Kugel suggests that “early is not necessarily better than late” and that perhaps the God of the Bible needs to be revisited in today’s theology. But it kind of bothers me that my religious ancestors believed in a very different deity - forgetting about our early polytheistic history.

Does the idea that we haven’t always viewed God in the same way bother you, particularly when it’s his book that’s describing him in the unconventional way?

Wednesday, November 21, 2007

Why I Like the Etiological Approach to Tanach

Hermann Gunkel was a German Protestant OT scholar in the late 19th and early 20th century. One of his key contributions to the study of the Torah was his analysis of Biblical stories as etiological tales. That is, as tales concerning origins. He argued that many if not most Biblical stories, particularly in Breishit, were composed in order to explain present day realities at the time of composition. They were merely reverse projections of the present.

Examples: Israel and Edom had a close connection, so we come up with a story of common ancestry. Beit El is a holy city, so we come up with a story of how Yaakov started it all. We perform infant circumcision, so we have a story of a covenant with Avraham. Various tribes are being unified, but maintaining northern and southern blocs, so we have another story of common ancestry, just this time with separate mothers based on geography. Etc, etc., etc.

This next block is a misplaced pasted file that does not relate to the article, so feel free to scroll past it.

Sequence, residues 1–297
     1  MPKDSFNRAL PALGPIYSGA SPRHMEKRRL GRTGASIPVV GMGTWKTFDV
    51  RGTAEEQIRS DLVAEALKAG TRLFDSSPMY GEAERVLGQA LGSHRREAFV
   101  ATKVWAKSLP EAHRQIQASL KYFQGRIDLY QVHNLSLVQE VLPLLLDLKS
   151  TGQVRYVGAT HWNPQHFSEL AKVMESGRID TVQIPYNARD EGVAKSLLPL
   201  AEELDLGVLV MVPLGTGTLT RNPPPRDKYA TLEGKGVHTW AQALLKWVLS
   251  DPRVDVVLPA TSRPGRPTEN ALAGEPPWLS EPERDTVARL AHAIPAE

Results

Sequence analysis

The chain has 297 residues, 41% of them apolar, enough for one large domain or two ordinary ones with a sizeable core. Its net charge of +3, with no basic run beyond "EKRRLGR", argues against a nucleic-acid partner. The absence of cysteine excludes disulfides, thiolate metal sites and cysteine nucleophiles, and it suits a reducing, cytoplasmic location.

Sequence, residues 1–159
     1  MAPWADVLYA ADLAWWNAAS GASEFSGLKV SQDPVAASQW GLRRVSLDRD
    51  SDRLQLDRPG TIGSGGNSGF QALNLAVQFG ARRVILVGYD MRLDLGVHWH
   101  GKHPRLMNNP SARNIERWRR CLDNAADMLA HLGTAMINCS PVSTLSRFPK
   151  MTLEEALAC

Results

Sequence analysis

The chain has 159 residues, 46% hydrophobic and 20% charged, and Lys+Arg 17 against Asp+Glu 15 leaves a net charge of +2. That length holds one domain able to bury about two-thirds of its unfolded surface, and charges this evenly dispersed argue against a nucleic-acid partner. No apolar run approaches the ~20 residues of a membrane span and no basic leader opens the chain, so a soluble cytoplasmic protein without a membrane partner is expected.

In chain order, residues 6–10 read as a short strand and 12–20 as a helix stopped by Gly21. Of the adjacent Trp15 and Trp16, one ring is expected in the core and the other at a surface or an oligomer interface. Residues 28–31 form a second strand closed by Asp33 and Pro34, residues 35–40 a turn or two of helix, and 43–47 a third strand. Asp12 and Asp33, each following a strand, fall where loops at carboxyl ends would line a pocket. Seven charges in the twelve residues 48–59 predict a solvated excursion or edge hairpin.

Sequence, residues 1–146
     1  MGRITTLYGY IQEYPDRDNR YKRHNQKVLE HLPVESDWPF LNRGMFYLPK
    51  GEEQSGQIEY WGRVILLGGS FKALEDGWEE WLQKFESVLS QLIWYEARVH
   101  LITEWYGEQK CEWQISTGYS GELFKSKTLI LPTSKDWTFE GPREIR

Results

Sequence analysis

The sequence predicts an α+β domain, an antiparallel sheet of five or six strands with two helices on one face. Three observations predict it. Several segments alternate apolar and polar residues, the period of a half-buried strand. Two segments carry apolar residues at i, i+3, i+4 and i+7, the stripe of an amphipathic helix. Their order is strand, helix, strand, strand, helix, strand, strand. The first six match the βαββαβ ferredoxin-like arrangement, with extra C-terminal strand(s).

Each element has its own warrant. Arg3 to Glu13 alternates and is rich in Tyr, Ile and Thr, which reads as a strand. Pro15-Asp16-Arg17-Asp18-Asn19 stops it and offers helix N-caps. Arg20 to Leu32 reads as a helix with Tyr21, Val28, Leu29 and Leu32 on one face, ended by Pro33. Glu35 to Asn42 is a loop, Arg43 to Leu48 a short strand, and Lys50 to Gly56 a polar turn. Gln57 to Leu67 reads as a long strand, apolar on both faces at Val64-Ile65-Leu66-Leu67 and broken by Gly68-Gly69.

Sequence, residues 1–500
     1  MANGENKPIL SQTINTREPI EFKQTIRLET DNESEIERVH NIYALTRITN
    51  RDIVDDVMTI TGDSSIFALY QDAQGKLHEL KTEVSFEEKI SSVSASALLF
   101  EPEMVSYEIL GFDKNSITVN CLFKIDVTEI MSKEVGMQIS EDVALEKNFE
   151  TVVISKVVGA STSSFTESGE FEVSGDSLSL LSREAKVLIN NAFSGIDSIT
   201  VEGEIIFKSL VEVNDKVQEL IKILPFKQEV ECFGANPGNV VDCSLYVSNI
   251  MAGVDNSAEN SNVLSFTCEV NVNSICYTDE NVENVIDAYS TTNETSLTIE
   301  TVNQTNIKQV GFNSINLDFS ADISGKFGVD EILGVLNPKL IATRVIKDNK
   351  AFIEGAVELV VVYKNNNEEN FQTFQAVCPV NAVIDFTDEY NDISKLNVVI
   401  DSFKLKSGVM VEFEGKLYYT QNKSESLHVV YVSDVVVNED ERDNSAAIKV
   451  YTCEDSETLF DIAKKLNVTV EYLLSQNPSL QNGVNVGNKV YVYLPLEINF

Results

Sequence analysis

What I like about this approach is that it implies that ancient Israelites didn't necessarily believe the stories when they were composed. I can imagine my ancestors sitting around a fire and inventing these tales, just like the Dybbuk or the Tooth Fairy. They become part of tradition, but as you grow up and realize they are not true you continue passing them on because they also provide meaning and a message and a national history to explain our way of life.

Monday, November 19, 2007

Fealty to Gedolim

I've been listening to a lot of kiruv "how-to" lectures during my commute, and the kiruv pros' lack of logic and sheer ga'avah goes far beyond what I could have ever expected.

I don't have unwavering respect for and belief in the utterances of scientists, but I know well enough that I don't have the knowledge or tools to address complicated (and at times, not complicated) scientific issues. The rabbis who I have been listening to all have the same approach: Here is what science says, and I am going to tell you why they are wrong! No credentials, no background, nothing. They are (in this instance) "just" rabbis. In most cases it seems as though they read a few Christian apologist websites and the conclusions from some Kitchen or Cassutto books, and voila - they are experts! Even worse is the shameful logic these clowns try to pass of as error-proof and convincing.

In these lectures I really see what "fealty to gedolim" means. Kiruv pros are the gedolim of the "Jewish approach to science" field, and their audiences - believers in the lectures I'm listening to - eat up every word they say, no matter how nonsensical their musings. Some of the questions I hear asked in the mp3s clearly come from intelligent people, but they are so off the mark. They don't challenge or question - ever. And that is where the problem lays.